Let's join hands (not literally) to fight the virus

coronavirus, covid-19, join hands

Covid-19 has brought about a huge change in the way we live and conduct our business.



By Vicky Kapur (From the Executive Editor's Desk)

Published: Sun 8 Mar 2020, 11:00 PM

Last updated: Mon 9 Mar 2020, 4:40 PM

There are 7.7 billion people in the world. About 108,000 are infected with the novel coronavirus. For a disease that has infected less than 0.0014 per cent of the world's population (fatally infecting less than 0.000046 per cent), Covid-19 sure has brought about a huge change in the way most of us live and the way we conduct our business. Events of all ilk -- sport, business, entertainment... you name it -- are getting postponed or shelved all around us.
Spectator-free events are in. Dubai just hosted the Super Saturday races without a soul in the audience (media, sponsors and, of course, horse connections were present at the event) while we've now been told that the Bahrain Formula One Grand Prix, scheduled for March 22, will be held without fans in attendance. Meetings are getting rescheduled like nobody's business while employees are urging their employers to suspend the fingerprint biometric attendance systems in the favour of healthier work-from-home arrangement. Office premises and showrooms are adopting a hygiene-first approach as their new secret to success (stress-free employees + customers = success) and home delivery of everything - from groceries to cooked food and from fuel to medicine - is the new normal.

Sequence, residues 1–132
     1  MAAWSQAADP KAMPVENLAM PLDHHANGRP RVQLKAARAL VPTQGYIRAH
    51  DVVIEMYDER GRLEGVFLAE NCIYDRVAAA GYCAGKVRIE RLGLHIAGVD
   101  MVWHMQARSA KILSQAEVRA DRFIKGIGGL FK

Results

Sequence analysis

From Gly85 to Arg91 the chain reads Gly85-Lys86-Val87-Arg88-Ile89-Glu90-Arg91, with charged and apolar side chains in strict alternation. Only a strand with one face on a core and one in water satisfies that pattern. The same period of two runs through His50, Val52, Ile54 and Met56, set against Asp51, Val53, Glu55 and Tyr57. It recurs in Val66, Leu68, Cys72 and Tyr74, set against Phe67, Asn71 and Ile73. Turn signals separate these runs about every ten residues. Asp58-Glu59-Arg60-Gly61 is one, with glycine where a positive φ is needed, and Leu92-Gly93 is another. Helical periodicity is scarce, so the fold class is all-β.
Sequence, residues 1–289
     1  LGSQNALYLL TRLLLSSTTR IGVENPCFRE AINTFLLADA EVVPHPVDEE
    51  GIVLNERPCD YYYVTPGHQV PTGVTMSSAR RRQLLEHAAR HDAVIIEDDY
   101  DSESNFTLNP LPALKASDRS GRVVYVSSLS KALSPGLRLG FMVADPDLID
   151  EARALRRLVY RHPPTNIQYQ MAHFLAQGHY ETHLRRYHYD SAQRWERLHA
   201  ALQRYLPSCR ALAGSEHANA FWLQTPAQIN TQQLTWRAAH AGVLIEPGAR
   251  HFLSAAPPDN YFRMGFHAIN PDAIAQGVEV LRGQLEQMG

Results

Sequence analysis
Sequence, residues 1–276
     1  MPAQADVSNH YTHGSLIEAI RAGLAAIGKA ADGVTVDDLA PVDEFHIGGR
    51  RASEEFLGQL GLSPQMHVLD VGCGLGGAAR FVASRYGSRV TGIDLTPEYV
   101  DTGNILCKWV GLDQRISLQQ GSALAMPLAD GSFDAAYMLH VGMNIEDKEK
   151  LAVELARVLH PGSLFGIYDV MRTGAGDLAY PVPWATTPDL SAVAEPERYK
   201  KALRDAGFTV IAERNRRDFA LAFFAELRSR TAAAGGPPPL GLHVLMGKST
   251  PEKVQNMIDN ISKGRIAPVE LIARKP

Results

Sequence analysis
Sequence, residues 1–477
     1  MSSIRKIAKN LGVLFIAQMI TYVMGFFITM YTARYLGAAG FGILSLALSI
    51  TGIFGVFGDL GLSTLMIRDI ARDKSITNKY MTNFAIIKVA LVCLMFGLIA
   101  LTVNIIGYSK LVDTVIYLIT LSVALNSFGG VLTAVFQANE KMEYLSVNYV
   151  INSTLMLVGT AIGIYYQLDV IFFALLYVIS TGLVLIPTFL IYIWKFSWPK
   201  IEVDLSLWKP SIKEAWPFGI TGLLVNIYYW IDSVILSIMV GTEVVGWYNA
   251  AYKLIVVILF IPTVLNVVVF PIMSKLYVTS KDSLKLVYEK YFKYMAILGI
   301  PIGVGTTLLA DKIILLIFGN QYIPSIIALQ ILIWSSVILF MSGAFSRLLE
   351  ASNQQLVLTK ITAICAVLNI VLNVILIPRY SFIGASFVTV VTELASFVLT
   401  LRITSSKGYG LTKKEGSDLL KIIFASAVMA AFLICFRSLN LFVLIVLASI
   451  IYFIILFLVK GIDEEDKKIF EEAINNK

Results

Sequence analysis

I never thought I'd say this but thermal scanners are becoming commonplace - not just at airports and other exit/entry points, but also in some other places where individuals may have to necessarily congregate, like embassies and consulates. Nurseries, schools, colleges and other educational institutes (including coaching and training centres) are on an advanced spring break. But, in this case, schools disrupted does not equal education interrupted. The UAE is fast adapting to a long-distance learning ecosystem, setting up online modules and classrooms as the physical ones undergo massive sterilisation.
Greetings in the time of coronavirus, too, are getting a bit, ermm, distant. No handshakes but foot-taps are okay. No nose-rubs but grins are welcome. No hugs or pecks on the cheek but flying kisses are fine. As they say, distance makes the heart grow fonder. A smile goes a long way in saying 'I care enough to not shake your hand and leave you vulnerable.' All these may seem weird and alien to someone who just woke up from a three-month slumber, but as we all know now, we must join hands (figuratively speaking, of course), to beat this novel nuisance.


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